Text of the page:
Wine Down Ranch in Prineville is a working cattle ranch that welcomes guests all year-round to its lodgings, which include a tiny house, a bunkhouse and campsites. Overnight guests can go bird-watching, hiking and mountain biking on the property, as well as cross-country skiing during the winter season. 

A red barn that houses the business
Sisters Meat and Smokehouse

Stop for Pork Belly, Fry-Bread Burgers and Homemade Bologna

When it comes to meals, there are many places to enjoy the products of local ranchers. For upscale farm-to-table fare, stop at Feast Food Company, a bright-red food truck at Kobold Brewing and The Vault Taphouse in Redmond, including a grass-fed Vaquero Valley Ranch cheeseburger or cubes of crispy Well Rooted Farms’ pork belly with seasonal vegetables. Another food cart, Native-owned Twisted Teepee, serves up excellent fry-bread burgers on the Warm Springs Reservation. 

For a wide range of local meat offerings, the artisanal butchery and sandwich shop Sisters Meat and Smokehouse is a must. Shop from the cases or pull up a chair and order from the menu. The house-smoked tri-tip with onions, provolone and barbecue sauce might be the most popular, but the sleeper hit is a sandwich of homemade bologna on white bread with cheddar cheese. Open year-round, Central Oregon Locavore in Bend, a non-profit grocery similar to a co-op, offers meat and other products from several area farms and ranches.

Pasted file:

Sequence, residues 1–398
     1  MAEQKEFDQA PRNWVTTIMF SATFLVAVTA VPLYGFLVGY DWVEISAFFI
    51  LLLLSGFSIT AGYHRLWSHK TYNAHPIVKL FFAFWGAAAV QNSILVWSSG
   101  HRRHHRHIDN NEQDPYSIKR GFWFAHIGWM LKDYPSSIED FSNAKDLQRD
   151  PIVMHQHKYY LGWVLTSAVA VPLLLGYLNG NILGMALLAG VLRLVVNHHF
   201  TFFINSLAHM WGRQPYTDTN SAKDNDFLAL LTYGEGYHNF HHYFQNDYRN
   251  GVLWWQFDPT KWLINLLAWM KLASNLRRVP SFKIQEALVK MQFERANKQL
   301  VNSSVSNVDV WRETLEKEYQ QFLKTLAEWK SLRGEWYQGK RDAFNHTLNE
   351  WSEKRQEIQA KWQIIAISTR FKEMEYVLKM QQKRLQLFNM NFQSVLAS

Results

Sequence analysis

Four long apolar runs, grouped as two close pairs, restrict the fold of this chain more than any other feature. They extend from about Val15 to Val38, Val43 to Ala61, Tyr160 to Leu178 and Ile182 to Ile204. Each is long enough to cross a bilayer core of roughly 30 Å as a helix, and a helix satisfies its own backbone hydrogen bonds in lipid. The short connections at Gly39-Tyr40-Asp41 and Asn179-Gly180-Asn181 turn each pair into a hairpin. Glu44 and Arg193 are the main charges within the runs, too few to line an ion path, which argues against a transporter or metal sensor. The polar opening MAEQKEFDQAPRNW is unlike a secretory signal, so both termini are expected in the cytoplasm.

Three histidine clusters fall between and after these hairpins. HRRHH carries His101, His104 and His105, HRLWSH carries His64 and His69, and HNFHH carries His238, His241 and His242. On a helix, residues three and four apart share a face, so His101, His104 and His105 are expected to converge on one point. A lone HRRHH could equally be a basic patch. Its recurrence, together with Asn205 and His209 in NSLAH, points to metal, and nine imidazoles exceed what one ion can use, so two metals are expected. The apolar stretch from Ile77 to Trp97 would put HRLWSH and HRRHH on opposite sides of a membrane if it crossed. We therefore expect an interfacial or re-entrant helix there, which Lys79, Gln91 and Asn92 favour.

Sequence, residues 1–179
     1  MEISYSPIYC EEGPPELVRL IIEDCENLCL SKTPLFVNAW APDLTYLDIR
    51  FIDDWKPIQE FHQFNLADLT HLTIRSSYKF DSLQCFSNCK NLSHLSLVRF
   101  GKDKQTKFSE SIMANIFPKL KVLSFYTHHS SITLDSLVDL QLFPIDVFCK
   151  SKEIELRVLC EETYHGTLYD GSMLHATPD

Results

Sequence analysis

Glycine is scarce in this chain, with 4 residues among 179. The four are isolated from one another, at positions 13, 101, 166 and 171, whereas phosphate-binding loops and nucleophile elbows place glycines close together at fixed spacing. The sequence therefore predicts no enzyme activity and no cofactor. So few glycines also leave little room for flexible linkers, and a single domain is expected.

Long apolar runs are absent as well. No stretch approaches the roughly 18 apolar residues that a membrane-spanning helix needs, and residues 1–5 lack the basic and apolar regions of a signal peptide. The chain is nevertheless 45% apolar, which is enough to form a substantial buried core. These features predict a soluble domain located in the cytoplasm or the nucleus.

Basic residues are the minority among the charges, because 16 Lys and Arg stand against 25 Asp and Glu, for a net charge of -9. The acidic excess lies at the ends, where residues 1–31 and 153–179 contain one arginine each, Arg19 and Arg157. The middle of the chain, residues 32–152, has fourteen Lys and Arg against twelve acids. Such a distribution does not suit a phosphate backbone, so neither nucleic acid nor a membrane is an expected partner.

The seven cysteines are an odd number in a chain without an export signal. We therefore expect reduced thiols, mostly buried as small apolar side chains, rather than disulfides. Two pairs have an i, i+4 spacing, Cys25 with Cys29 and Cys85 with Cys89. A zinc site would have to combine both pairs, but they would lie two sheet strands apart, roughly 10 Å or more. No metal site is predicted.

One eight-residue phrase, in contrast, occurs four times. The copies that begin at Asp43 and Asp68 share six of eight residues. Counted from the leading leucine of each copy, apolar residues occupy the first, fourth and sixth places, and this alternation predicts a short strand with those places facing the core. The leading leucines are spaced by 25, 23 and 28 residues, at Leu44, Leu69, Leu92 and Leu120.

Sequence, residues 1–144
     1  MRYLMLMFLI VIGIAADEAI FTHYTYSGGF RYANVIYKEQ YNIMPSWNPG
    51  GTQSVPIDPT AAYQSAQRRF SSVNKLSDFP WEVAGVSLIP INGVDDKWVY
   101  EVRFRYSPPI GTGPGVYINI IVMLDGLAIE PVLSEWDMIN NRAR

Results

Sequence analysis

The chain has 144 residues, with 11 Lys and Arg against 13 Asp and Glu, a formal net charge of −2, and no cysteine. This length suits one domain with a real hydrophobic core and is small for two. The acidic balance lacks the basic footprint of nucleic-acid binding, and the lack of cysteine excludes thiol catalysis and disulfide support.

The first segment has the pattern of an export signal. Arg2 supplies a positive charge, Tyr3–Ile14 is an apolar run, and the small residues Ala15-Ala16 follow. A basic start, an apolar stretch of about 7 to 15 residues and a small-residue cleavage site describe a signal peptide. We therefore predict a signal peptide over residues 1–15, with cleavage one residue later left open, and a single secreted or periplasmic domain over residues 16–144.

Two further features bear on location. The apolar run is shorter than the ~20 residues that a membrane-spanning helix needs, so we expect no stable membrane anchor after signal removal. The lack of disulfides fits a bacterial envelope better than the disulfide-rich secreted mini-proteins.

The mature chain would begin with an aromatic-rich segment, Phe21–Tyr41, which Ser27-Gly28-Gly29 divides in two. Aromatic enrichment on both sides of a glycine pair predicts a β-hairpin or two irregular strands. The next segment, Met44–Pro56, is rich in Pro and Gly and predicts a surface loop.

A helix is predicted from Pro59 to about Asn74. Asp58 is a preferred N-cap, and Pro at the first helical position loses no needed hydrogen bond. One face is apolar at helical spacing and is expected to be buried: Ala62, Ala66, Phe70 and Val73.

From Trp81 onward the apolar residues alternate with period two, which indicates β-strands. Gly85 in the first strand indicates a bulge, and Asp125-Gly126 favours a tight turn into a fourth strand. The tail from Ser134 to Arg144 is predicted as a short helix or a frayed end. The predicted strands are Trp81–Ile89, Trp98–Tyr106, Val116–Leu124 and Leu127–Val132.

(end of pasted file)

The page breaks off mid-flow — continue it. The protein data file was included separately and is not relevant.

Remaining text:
Hot tip: Find more places to eat and adventure throughout the region along the High Desert Food Trail.

Meat is wrapped up in paper
Larkin Valley Ranch

Buying Pasture-Raised Meat From Central Oregon Farms